The UCLA Bruins are as proud a college basketball program as there is in the country. The school holds NCAA records with 11 national titles, including seven-straight from 1967 to 1973, as well as 25 Final Four wins, 134 weeks ranked No. 1 in the AP Poll, 54-consecutive winning seasons from 1949 to 2002, and they once won 88 games in a row.
There may be no more demanding job in college hoops than in Los Angeles, and no one knows better than former head coach Steve Alford, who was fired on New Year’s Eve after the team’s 7-6 start to the season. UCLA legend Bill Walton has an idea who the team’s next coach should be, and he’s not backing down until he gets a response.
During UCLA’s 92-70 win over the Stanford Cardinal in the team’s Pac-12 opener on Thursday night, Walton was asked by ESPN broadcast partner Dave Pasch what type of characteristics the program should look for in their next men’s basketball coach.
Walton’s answer was short, sweet, and going to make a lot of people roll their eyes.
He’s arguably the most iconic player in UCLA history next to Kareem Abdul-Jabbar, but Walton emphatically made his case for the Bruins’ next head coach by saying, “I’m sticking with Barack Obama until he says no.”
Aside from being a huge basketball fan, the former president has basketball in his family. Obama’s brother-in-law, Craig Robinson, was the head coach of Oregon State and Brown University in the past and currently works as the V.P of player and organizational development for the New York Knicks in the NBA, too.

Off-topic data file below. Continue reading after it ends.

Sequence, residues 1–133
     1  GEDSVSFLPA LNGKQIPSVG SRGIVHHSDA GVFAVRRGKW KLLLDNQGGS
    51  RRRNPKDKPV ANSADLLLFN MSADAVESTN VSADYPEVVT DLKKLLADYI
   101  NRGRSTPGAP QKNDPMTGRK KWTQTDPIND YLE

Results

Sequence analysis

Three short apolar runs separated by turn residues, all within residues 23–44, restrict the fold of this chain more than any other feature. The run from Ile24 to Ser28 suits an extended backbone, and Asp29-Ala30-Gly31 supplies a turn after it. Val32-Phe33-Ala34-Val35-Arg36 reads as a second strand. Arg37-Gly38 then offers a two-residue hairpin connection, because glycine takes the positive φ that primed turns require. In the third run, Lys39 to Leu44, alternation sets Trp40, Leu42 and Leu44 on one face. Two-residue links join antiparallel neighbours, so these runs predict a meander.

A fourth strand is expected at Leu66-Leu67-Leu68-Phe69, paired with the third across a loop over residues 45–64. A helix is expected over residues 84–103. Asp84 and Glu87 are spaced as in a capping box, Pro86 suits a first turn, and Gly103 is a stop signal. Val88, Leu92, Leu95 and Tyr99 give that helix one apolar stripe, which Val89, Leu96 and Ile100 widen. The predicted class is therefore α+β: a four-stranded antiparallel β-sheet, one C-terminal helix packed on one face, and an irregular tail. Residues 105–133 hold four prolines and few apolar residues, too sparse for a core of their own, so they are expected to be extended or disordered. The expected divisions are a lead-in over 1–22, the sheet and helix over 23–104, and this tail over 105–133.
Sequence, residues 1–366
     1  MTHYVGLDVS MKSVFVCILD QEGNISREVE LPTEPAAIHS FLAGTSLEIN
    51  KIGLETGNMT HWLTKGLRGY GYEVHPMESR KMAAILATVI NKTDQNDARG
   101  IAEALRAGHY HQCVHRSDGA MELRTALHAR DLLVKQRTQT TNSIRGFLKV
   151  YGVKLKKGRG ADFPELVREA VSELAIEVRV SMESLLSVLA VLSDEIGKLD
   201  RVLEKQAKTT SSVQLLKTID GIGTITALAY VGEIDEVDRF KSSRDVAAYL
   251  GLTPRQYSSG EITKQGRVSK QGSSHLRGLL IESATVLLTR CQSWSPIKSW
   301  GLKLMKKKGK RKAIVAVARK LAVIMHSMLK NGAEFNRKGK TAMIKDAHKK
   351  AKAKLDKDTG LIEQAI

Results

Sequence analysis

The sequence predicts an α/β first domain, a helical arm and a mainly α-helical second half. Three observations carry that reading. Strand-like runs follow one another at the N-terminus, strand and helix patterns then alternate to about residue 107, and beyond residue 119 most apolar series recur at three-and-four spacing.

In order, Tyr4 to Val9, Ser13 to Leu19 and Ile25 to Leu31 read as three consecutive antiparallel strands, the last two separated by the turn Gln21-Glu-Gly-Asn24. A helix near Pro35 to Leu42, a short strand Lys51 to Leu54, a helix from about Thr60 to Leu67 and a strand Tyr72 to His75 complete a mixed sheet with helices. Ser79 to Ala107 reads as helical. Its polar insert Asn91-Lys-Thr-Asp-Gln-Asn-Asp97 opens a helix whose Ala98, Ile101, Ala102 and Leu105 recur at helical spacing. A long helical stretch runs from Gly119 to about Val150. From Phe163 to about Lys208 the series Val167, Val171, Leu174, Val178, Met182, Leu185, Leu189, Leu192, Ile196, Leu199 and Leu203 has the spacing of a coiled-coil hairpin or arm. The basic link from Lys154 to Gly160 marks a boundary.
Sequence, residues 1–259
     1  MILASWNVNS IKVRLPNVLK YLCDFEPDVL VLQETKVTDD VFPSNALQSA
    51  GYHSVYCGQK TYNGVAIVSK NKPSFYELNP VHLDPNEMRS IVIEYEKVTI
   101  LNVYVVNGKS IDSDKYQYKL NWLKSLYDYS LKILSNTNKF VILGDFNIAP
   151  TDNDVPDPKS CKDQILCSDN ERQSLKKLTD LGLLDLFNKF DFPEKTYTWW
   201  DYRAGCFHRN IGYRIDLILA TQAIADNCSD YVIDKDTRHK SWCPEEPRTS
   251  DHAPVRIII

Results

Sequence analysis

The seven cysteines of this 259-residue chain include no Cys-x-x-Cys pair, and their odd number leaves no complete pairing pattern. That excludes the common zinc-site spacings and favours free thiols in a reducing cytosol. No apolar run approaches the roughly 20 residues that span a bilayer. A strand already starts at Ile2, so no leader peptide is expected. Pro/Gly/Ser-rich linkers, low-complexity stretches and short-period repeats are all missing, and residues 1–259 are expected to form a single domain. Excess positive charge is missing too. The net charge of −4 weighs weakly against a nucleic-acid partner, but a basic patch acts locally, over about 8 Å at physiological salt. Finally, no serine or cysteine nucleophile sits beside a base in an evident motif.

As the 44th President of the United States, there might be no more popular president from a pop-culture perspective than Barack Obama. During his eight years in the White House, Obama regularly hosted pickup basketball games, filled out March Madness brackets, and the left-hander even played some basketball with the team at Occidental College in his younger days.
His former head coach Mike Zinn told the Los Angeles Times back in 2008:
“[Barack] had a nose for the ball, always came up with loose balls and rebounds inside. So if he got 10 points in a game, most of them were probably under the basket. He didn’t hit jump shots from 15 feet or anything like that.
“He was a good defender, definitely a good athlete.”
— Mike Zinn, via Los Angeles Times
Former President Barack Obama might not be all that busy these days outside of trying to rally the Democratic party together from afar, but the former president as a Division I college basketball coach? That might be a bit of a stretch.
While interim coach Murry Bartow tries to right the ship, UCLA will turn over every rock they can to find their next leader. For a once-proud UCLA basketball team that hasn’t appeared in the national championship game since 2006, desperate times might call for desperate measures.